Posts Categorized: Demography

5 Ways Open Educational Resources Can Help Students Succeed This Fall 

The shift to online learning has challenged instructors to create courses that are as engaging online as they are in person. As many faculty prepare for online learning again this fall, open educational resources (OER) can be part of the solution to help students stay safe and be successful. OER are free and openly licensed online teaching and learning materials that support instructors and stu...

­­Harvard and Yale: Too Much Affirmative Action or Too Little?

This essay is a sequel to “The Human Dimensions of Enrollment Management,” published in The New England Journal of Higher Education on June 30, 2020. In that article, my unusual focus (as a trained theoretical physicist) was on integrity, not science, as the single most important factor in enrollment management success. Early in my supervision of enrollment management (from a faculty position ...

Land-Grant Mission Tailor-Made for Boosting Post-Pandemic Recovery

Gracing the back wall of my office at the University of Vermont is an antique wooden desk that’s more than 150 years old. While it’s an undeniably handsome piece of 19th century craftsmanship, it serves much more than a decorative purpose. As the desk of Vermont Sen. Justin Morrill, the author of the Morrill Act of 1862 establishing the country’s first land-grant universities, it is m...

And Now For Something Completely Uncomfortable: Estate Planning for Academia During COVID-19

Eleanor Roosevelt once said, “If life were predictable it would cease to be life, and be without flavor.” Her words are excellent guideposts as New England colleges and universities navigate the unknowns of educating students during COVID-19. Despite the precautions that institutions are taking, on-campus teaching and research are not totally risk-free. Neither, of course, is life itself...

Can Online Learning Be Trauma-Responsive?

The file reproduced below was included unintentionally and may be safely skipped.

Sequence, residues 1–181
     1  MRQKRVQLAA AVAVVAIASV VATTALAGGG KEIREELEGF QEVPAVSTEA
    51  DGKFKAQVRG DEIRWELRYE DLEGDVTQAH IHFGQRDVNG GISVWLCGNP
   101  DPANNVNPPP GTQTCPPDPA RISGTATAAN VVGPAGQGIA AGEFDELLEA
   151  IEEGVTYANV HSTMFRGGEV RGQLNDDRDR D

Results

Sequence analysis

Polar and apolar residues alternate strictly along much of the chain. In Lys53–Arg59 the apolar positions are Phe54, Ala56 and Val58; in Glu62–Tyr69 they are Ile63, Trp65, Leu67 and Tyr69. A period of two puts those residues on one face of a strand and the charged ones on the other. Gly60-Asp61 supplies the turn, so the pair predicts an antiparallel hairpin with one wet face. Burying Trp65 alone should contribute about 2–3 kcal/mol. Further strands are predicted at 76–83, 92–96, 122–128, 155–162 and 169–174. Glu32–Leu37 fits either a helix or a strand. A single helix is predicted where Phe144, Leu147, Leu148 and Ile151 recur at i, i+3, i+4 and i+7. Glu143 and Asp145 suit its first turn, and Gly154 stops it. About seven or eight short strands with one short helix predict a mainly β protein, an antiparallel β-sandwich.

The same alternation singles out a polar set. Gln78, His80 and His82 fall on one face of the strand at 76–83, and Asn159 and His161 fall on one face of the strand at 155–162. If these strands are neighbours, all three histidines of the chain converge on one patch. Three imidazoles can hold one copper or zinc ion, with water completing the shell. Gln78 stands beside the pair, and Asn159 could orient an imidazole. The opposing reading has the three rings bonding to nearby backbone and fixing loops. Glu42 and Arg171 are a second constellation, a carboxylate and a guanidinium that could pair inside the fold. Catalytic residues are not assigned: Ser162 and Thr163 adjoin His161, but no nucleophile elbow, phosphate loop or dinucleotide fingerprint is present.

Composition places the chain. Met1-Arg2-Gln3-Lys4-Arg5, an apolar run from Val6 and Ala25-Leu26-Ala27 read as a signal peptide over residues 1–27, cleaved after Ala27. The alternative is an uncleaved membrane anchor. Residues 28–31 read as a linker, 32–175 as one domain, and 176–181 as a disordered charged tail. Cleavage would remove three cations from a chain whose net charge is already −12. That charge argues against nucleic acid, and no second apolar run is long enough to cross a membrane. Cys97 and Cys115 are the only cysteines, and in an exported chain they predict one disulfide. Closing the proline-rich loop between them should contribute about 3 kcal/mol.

With the growing number of colleges moving to online learning, I have been asked: Can online learning incorporate trauma-responsive strategies? The short answer is yes. Before turning to specific pedagogical approaches, it is worth reiterating why trauma-responsiveness is so critical to learning at this moment. Pre-pandemic and before the current racial tensions and economic uncertainty, we wer...

Hello New England …

Becoming chancellor of the University of Massachusetts Boston is a humbling experience and a great responsibility for me—it is indeed the opportunity of a lifetime. As a kid who emigrated from Argentina to the U.S. to escape political unrest at age 17, with just a few dollars in my pocket, I was one of millions of Americans by-choice arriving over the years, searching for a better life. Settling...

Looking at a Familiar “Core Competency” … Why Bother Reading When You’re Old?

Typical lists of core competencies for undergraduates feature written communication, critical thinking and information literacy, among others, but merely presume, leaving unstated, the bedrock importance of reading skills. Lifelong learning, a dedication to which is part of practically all mission or aspirational statements, includes the ongoing practice and continued appreciation of those core sk...

Out of the Wreckage of COVID, the Rebirth of College Career Services

The COVID-19 pandemic has had a devastating impact on the labor market, with more than 40 million Americans who have filed for unemployment. Even as some states have attempted to reopen their economies, allowing 4 million people to head back to work, the unemployment rate still hovers around 16%. And we’re still in the early innings of recovery—perhaps even just batting practice. The recovery ...

Landscape Measure: Animating the University Campus to Promote Social Distancing

As many higher education institutions in New England grapple with how to safely reopen in the midst of the coronavirus pandemic, the physical setting of campuses becomes paramount. Indeed, NEJHE recently published a piece on the advantages of small rural campuses in the age of social distancing. Here, Leonard Yui, an associate professor of architecture at Roger Williams University in Bristol, R.I....

Pandemic Innovation

A view from Mount Holyoke on why practical, flexible new models are needed for liberal arts colleges ... Students choose small liberal arts colleges for the learning that unfolds when they are deeply immersed in intellectual collaboration with faculty and with one another. The photos that festoon our promotional materials aren’t mere marketing—we spend a lot of time with one another in clos...